The twelve-month average inflation has stayed below 3 per cent for only the past fourteen months: the interlude has been too brief to restore public confidence in the stability of the value of money. It is therefore an illusion to believe that a creeping inflation can remain so indefinitely. The amount of time it takes before it starts to accelerate depends on many factors, among them past history. In Mauritius, people have gone through a severe inflation experience, have thus a strong inflation psychology and so react quickly to price increases. It takes only a short period of renewed uplift in prices to rekindle fears of open inflation, which lead to anticipatory purchases turning the creep into a trot.
Schumpeter and Keynes argue that inflation promotes economic growth by creating profits which are financial sources of investment. Still, a moderate inflation can stimulate growth provided that prices keep ahead of costs to generate the necessary profit incentives for investment. If, however, a strong inflation psychology develops and becomes widespread, and if wages remain flexible upward but rigid downward, even satisfactory profits will lead to wrong investments that entail a misallocation or a waste of resources. But if the increase in wages is kept within the annual average growth in labour productivity (3.4 per cent between 1999 and 2009), then stable prices can provide the same stimulus to investment and to growth.
It is said that firms should cover an excess of wages over labour productivity by a rise in prices. Otherwise, an inflationary wage push would force them to invest in labour-saving machinery, to upgrade their production methods and to cut unnecessary expenses in order to remain in business. In fact, the inducement to restructure cannot be attributed solely to cost-push inflation, for it comes inevitably from the normal forces of competition.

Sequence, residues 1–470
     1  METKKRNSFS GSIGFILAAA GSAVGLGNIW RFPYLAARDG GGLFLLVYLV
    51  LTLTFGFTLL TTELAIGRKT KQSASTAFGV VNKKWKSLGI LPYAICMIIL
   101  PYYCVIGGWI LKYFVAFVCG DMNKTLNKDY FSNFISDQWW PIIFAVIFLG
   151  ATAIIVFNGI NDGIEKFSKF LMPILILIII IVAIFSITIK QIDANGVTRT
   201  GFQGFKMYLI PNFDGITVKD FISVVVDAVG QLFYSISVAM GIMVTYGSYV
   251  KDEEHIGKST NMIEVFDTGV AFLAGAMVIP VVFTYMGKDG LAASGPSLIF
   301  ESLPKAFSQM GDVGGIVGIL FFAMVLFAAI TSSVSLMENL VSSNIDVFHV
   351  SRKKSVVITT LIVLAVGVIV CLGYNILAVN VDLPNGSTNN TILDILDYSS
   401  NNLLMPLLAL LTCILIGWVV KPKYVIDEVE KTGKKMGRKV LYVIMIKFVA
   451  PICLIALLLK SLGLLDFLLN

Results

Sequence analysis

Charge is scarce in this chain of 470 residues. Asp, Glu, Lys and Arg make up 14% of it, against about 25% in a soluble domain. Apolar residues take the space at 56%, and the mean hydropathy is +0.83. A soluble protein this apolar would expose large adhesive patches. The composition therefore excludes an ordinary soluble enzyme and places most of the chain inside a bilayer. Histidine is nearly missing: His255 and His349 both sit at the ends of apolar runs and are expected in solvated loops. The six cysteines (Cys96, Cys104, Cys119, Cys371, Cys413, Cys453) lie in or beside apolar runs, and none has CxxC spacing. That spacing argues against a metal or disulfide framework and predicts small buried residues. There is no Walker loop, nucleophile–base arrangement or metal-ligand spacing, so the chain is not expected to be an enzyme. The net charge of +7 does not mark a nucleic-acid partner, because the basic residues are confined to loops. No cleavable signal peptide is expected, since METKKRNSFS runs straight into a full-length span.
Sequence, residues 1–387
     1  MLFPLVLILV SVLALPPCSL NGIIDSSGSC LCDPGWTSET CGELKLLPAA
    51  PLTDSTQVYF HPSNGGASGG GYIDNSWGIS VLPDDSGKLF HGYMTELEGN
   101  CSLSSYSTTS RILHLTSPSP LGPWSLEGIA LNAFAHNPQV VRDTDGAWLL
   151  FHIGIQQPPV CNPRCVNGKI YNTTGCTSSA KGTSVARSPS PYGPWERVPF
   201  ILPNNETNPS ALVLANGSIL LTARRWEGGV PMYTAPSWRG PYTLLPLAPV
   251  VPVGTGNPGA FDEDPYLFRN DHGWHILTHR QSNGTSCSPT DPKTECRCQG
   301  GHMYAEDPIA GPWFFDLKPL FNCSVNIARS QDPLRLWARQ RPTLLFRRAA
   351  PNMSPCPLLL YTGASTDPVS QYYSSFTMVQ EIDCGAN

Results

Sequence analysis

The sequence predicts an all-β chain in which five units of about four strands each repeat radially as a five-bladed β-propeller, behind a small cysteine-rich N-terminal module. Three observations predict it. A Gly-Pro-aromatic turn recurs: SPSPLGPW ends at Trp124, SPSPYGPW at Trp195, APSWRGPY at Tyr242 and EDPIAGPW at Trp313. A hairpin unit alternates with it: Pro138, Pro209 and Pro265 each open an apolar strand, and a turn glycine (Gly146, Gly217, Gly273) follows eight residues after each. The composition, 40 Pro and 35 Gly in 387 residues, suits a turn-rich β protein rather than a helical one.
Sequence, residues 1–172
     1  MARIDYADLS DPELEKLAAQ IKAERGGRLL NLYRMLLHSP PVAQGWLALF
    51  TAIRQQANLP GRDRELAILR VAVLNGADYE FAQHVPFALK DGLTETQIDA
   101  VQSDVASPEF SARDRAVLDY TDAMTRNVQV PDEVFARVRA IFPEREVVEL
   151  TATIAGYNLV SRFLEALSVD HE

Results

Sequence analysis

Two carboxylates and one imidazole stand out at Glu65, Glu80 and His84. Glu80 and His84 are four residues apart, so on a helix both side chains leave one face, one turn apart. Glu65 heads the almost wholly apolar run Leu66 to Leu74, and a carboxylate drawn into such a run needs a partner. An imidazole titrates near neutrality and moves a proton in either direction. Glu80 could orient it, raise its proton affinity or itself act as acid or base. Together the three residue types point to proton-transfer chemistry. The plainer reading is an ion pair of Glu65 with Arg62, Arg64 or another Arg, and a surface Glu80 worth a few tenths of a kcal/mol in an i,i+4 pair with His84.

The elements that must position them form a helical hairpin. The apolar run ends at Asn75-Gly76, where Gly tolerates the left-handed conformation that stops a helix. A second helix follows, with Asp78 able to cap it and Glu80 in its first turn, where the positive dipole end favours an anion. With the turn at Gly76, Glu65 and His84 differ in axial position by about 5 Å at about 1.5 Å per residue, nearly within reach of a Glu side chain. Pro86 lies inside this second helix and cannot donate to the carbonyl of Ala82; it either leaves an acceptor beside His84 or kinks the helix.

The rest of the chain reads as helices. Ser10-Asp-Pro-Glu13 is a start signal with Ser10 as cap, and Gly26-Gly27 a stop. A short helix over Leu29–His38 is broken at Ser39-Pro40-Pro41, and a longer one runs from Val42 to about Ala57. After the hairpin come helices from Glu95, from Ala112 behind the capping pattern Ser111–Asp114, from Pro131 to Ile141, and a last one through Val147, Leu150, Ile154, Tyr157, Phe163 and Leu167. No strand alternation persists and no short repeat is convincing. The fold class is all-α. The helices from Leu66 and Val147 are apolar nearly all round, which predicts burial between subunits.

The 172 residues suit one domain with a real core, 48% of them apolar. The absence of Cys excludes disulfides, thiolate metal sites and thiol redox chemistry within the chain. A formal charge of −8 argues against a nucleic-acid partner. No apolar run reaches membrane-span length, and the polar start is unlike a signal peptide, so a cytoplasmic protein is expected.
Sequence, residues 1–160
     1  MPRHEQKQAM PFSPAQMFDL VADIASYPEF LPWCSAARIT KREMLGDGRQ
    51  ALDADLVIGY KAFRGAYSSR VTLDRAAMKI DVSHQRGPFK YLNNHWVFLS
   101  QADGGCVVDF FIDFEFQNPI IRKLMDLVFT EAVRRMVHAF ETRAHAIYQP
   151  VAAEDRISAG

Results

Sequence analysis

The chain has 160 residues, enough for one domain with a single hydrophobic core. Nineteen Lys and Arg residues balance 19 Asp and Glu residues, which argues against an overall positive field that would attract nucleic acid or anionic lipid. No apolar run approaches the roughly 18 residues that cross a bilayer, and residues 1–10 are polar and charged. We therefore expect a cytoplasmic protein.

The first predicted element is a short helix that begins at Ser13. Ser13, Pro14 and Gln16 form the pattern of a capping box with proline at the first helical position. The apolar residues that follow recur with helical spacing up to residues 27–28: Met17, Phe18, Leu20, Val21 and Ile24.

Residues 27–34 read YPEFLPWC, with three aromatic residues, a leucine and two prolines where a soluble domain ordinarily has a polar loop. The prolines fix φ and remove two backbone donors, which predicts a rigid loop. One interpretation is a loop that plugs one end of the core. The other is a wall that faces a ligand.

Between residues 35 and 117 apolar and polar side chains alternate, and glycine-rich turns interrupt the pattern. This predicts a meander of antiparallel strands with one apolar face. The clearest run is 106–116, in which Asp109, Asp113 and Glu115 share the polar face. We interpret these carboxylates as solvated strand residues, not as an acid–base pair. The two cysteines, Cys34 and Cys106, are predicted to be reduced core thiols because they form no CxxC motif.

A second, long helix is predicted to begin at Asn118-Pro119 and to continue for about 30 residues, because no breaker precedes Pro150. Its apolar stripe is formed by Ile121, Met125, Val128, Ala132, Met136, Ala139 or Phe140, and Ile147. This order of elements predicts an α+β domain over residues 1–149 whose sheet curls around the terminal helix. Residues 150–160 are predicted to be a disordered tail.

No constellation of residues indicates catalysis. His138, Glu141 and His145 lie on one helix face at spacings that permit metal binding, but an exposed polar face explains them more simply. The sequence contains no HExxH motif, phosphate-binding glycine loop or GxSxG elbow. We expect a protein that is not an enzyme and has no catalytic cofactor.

Inflation is always a monetary phenomenon
The cost-push theorists are right on one point: inflation is the result of deliberate government policy. Salary earners have been accustomed to annual wage increases decided by the authorities, such that the political risks of withholding salary compensation across the board for just one year have become too high today. To avoid undermining employment, the government can only assume that workers do not realize the difference between nominal and real wages. But this is an untenable assumption because you cannot fool all the people all the time. When Keynes wrote about money illusion during the Great Depression which saw prices falling, he was thinking of wage reductions, not wage increases.